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Triassic rifting and associated basalts in the Cuyo basin, central Argentina

By
Victor A. Ramos
Victor A. Ramos
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Suzanne Mahlburg Kay
Suzanne Mahlburg Kay
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Published:
January 01, 1991

The tectonic setting of the Triassic Cuyo basin is analyzed on the basis of the sedimentary record, the regional structural framework, and the geochemistry of the Paramillos de Uspallata basalts. The study region is in the western Precordillera of the province of Mendoza, Argentina (69°13′W and 32°29′S).

Overlap of Triassic rift basins in southern South America with the Permo-Triassic Choiyoi granite-rhyolite province suggests a genetic relation in an extensional regime. The Choiyoi rocks are interpreted as crustal melts associated with extensive basaltic underplating during a period of relatively little motion of the Gondwana supercontinent. The Cuyo rift basin developed during the last stages of this silicic magmatism along suture zones of terranes accreted during the Paleozoic. At this time, faulting could occur and basalts were able to penetrate the cooling, refractory crust. Stratigraphic relationships and geochronologic and paleomagnetic data indicate a Middle Triassic (≈235 Ma) age for basalts emplaced during the synrift phase of active faulting in the Cuyo basin. Basalts are absent in the Late Triassic sag phase, which is dominated by generalized subsidence related to thermal decay and sedimentary loading. Later, the Middle Jurassic Andean arc developed to the west contemporaneous with generalized rifting associated with the early opening of the South Atlantic.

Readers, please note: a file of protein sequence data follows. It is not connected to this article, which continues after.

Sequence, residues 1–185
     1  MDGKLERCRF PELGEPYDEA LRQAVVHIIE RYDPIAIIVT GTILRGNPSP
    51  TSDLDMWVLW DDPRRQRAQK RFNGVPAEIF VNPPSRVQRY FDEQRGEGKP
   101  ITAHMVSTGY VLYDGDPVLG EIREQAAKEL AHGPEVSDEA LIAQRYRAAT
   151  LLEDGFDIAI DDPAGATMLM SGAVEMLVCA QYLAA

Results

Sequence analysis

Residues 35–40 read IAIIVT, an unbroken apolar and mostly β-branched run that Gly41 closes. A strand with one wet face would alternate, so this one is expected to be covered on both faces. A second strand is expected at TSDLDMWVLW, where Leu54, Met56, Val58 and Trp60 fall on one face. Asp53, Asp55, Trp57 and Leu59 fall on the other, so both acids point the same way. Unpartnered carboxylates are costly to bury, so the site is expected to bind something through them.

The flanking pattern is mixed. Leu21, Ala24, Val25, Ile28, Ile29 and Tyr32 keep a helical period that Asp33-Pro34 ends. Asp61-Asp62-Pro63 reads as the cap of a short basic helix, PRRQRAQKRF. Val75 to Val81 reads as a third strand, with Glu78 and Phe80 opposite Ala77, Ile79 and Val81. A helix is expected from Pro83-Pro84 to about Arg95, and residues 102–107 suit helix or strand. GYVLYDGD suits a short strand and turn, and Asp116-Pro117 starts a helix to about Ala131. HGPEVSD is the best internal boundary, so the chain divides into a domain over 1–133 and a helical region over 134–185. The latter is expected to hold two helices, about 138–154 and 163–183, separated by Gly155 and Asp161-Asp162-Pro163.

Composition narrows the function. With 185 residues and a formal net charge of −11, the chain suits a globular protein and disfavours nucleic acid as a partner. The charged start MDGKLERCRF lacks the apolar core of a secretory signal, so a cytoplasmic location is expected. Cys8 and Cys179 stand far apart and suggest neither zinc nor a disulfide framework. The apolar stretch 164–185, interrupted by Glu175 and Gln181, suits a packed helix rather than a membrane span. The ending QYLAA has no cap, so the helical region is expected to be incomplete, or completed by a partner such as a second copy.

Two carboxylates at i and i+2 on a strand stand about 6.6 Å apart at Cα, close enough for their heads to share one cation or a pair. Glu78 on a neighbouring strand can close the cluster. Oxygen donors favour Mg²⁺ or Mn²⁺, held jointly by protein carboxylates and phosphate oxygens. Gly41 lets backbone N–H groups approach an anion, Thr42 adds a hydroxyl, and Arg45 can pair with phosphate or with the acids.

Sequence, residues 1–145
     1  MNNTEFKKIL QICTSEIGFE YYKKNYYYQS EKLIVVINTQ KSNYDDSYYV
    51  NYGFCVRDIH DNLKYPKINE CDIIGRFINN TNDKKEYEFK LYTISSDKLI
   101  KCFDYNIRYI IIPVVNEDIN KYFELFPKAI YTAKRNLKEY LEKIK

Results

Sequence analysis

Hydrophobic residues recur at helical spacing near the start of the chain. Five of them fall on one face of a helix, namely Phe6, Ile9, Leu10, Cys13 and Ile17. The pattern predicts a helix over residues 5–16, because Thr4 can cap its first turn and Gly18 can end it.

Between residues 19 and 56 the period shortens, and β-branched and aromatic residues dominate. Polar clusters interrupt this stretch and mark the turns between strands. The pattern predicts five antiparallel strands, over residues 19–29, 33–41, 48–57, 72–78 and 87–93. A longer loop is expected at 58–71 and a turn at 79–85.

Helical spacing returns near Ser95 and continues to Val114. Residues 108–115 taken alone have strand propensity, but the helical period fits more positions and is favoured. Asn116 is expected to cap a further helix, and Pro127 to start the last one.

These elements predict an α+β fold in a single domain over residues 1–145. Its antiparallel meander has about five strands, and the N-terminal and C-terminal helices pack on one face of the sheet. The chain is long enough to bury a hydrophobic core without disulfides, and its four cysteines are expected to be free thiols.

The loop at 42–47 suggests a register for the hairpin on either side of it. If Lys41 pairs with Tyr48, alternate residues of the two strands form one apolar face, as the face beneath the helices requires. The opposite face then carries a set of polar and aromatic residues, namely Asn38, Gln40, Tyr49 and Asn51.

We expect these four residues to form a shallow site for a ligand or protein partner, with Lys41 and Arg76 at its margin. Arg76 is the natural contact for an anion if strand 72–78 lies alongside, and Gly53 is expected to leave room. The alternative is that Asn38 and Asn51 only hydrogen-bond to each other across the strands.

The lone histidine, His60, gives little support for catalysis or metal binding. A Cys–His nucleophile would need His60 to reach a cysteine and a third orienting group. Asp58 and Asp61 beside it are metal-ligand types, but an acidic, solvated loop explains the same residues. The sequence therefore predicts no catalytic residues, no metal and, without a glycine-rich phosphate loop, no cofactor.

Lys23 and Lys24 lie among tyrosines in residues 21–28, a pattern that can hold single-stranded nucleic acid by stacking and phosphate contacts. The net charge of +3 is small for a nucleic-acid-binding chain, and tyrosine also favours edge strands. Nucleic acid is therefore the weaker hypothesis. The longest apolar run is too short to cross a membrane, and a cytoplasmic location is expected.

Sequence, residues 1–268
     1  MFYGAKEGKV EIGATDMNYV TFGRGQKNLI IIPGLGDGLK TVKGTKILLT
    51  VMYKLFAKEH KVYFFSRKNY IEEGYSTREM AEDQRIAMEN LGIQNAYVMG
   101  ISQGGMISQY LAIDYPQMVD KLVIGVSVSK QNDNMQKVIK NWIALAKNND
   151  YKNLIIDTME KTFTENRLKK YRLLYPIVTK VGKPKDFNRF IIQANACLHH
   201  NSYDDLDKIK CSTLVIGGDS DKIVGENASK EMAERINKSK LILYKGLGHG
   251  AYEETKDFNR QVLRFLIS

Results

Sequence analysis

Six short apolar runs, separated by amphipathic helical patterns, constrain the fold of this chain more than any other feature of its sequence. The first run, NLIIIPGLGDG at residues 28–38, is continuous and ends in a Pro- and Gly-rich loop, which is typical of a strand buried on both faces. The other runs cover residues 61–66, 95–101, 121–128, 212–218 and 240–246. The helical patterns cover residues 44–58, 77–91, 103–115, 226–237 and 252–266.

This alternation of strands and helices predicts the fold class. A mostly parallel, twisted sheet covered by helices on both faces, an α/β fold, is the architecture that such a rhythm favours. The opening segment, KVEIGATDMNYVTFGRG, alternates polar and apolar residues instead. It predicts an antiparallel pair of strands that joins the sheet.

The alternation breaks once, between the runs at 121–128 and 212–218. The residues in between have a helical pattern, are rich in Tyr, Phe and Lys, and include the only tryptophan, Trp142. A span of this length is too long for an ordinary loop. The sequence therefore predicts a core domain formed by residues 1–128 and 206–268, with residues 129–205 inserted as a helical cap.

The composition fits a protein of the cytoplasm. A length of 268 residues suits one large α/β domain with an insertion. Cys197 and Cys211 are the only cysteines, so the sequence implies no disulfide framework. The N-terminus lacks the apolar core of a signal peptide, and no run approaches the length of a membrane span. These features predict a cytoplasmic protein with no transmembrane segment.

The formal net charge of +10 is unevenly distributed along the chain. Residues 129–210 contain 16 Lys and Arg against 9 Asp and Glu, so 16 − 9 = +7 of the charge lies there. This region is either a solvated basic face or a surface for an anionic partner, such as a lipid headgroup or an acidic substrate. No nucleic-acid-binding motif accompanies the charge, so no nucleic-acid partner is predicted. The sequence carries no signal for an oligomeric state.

Relatively, unaltered sills near Uspallata are composed of tholeiitic to slightly alkaline within-plate olivine basalts with moderate TiO2 (2 to 2.2) and K2O contents (1.0 to 1.2), FeO/MgO ratios near 1.35, moderately steep rare earth element (REE) patterns (La/Yb = 8 to 9, La = 15.6 to 17.5 ppm), and mantle-like isotopic ratios (∊Nd = 1.9, 87Sr/86Sr < 0.7040). Relatively low degrees of melting (4 to 5 percent) in the mantle are suggested, consistent with the comparatively narrow width of the Cuyo basin and eruption in the last stages of Choiyoi magmatism. Highly altered mafic rocks with younger K-Ar ages are interpreted as flows whose ages were reset by Tertiary intrusives.

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GSA Special Papers

Andean Magmatism and Its Tectonic Setting

Russell S. Harmon
Russell S. Harmon
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Carlos W. Rapela
Carlos W. Rapela
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Geological Society of America
Volume
265
ISBN print:
9780813722658
Publication date:
January 01, 1991

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